- Crunchy Peanut Butter Fudge: Add chopped peanuts or sprinkle them on top for some extra crunch! I haven't tested it this way, but I bet you could even use chunky peanut butter instead of creamy.
- Oreo Peanut Butter Fudge: Mix in 1 cup of coarsely chopped up Oreos for a peanut butter cookie crunch fudge!
- Chocolate Peanut Butter Fudge: Make a batch of peanut butter fudge, then a batch of my creamy chocolate fudge and layer or swirl them together in the same pan! You would want to go with a 9x13" pan if taking this approach.
- White Chocolate Peanut Butter Fudge: Make this white chocolate fudge (just leave out the cranberries and pecans) and layer or swirl it with the peanut butter fudge.
- Peanut Butter & Jelly Fudge: This is next on my list to try, but I'm thinking you could use about ¾ to 1 cup of your favorite raspberry or strawberry jam and layer or swirl it with a batch of this peanut butter fudge. I would try making the fudge, then spreading half of it into a prepared pan and swirling with half of the jam, then adding the remaining fudge and jam on top and swirling again to make sure it's evenly mixed for both flavors in every piece.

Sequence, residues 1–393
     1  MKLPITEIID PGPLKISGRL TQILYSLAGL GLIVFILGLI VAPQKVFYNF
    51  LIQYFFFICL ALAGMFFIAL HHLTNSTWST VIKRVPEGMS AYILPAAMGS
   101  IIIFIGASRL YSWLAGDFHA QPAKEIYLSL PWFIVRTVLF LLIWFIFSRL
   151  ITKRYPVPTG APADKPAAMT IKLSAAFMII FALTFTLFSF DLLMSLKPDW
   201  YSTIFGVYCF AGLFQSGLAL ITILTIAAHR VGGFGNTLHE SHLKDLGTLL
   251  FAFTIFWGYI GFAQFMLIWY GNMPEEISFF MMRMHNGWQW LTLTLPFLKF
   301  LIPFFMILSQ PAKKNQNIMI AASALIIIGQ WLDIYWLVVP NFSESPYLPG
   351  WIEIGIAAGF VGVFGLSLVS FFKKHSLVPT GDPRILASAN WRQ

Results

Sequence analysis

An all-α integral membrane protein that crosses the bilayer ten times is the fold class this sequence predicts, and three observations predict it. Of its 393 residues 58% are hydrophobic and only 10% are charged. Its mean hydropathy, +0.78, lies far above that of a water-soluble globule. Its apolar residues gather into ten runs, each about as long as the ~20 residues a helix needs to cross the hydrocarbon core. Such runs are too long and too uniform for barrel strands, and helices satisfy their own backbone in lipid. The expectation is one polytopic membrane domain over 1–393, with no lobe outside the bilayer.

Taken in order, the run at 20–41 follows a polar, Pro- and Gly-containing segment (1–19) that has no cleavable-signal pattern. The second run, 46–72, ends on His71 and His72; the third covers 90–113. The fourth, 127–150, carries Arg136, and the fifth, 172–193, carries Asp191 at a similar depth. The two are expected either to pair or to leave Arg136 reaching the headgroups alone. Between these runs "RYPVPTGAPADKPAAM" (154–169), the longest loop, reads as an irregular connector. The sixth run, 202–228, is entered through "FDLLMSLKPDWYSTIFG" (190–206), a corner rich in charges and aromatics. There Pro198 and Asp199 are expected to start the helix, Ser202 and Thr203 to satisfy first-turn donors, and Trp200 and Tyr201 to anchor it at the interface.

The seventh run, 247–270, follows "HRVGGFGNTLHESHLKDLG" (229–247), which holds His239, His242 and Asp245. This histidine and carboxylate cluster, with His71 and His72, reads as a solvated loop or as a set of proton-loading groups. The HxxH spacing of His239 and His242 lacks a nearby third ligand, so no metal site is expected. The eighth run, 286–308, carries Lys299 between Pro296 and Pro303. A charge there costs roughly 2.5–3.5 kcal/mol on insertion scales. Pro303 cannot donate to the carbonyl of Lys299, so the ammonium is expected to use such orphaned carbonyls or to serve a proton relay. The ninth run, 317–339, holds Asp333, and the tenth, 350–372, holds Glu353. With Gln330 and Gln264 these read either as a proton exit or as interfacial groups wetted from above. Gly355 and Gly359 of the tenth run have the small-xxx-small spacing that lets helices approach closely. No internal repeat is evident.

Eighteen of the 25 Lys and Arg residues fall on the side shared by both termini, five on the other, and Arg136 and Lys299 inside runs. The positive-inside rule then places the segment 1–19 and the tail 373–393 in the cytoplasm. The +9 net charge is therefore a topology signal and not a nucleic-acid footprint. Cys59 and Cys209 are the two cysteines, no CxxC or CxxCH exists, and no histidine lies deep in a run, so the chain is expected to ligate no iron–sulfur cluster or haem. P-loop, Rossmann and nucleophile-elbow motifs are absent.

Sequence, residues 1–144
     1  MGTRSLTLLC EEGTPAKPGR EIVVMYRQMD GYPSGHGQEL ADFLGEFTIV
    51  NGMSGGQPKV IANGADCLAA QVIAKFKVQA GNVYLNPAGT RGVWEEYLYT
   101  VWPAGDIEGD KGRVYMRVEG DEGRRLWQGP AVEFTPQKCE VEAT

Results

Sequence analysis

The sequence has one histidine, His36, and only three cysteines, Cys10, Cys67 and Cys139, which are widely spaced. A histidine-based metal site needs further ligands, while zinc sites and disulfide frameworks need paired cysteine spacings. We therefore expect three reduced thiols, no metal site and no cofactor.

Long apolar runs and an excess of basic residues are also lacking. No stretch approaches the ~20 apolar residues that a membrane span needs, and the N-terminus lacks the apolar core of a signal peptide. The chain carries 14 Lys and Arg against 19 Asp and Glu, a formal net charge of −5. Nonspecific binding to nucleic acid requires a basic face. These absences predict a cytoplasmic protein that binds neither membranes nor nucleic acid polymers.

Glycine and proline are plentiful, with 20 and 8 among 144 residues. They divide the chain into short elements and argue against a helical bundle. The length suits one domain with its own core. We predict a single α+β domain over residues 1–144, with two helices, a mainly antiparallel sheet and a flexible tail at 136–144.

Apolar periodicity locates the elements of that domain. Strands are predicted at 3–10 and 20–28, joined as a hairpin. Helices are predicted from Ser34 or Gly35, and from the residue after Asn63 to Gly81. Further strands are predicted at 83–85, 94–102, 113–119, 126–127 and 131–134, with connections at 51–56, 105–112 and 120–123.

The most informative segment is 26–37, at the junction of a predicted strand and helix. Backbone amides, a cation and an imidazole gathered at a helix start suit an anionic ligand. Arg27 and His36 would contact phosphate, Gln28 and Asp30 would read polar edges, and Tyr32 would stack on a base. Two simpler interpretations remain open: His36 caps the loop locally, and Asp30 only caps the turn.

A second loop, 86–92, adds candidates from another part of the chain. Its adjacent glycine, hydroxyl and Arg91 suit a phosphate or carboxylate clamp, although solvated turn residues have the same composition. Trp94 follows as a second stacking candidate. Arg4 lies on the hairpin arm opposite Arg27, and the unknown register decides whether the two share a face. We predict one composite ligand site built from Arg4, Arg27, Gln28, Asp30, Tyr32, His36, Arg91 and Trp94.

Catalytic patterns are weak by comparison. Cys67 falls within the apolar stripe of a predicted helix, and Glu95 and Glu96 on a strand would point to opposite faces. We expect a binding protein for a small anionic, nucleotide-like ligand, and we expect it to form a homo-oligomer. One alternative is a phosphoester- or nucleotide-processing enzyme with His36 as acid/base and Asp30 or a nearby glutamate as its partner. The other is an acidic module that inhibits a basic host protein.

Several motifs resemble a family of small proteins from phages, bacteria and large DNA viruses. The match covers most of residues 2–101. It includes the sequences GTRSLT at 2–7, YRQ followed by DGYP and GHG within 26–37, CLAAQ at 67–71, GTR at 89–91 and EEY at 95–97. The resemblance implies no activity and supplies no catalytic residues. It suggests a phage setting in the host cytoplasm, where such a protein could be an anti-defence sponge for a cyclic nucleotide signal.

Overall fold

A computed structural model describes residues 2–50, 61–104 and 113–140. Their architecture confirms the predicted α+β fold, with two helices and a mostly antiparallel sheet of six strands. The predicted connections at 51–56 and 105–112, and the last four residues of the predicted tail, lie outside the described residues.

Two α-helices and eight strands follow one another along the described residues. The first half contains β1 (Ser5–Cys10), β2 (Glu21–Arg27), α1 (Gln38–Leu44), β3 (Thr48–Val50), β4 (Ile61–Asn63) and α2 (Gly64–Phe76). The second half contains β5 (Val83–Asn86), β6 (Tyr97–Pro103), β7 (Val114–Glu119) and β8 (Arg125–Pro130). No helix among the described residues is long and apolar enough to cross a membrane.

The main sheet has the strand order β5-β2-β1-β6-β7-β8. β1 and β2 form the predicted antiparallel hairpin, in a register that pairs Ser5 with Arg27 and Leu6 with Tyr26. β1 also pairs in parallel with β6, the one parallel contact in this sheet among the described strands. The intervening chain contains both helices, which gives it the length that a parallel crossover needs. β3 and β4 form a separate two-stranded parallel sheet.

More Favorite Fudge Recipes
- Creamy Easy Chocolate Fudge
- White Chocolate Cranberry Pecan Fudge
- Rocky Road Fudge
- Chocolate Walnut Fudge
- Oatmeal Fudge Bars
- Chocolate Chip Cookie Dough Fudge
Did you make this recipe? Let me know what you thought with a comment and star rating below. You can also take a picture and tag me on Instagram @houseofnasheats or share it on the Pinterest pin so I can see.
Easy Old-Fashioned Peanut Butter Fudge
- 2 cups brown sugar packed
- ¾ cup whole milk
- ½ cup butter
- 1 cup peanut butter
- 1 teaspoon vanilla extract
- 3 cups powdered sugar sifted to break up clumps
- Line an 8x8-inch pan with a parchment paper or aluminum foil sling for easy removal and cutting once the fudge is set. If using aluminum foil, be sure to butter it so the fudge will come off easily.
- Combine the brown sugar, milk, and butter in a medium saucepan over medium-high heat. Cook while stirring frequently until the brown sugar and butter dissolve and the mixture comes to a boil.
- Boil for 2 minutes.
- Remove from heat and stir in the peanut butter and vanilla until smooth and combined.
- Add the powdered sugar to a large, heat-safe bowl, then pour the hot peanut butter mixture over it. Beat together with a hand mixer until combined and there are no lumps of powdered sugar remaining, then transfer the fudge to the prepared pan. Let set at room temperature for about 3 hours until set up before slicing into squares.
- Store in an airtight container on the counter or in the fridge for up to 1 week.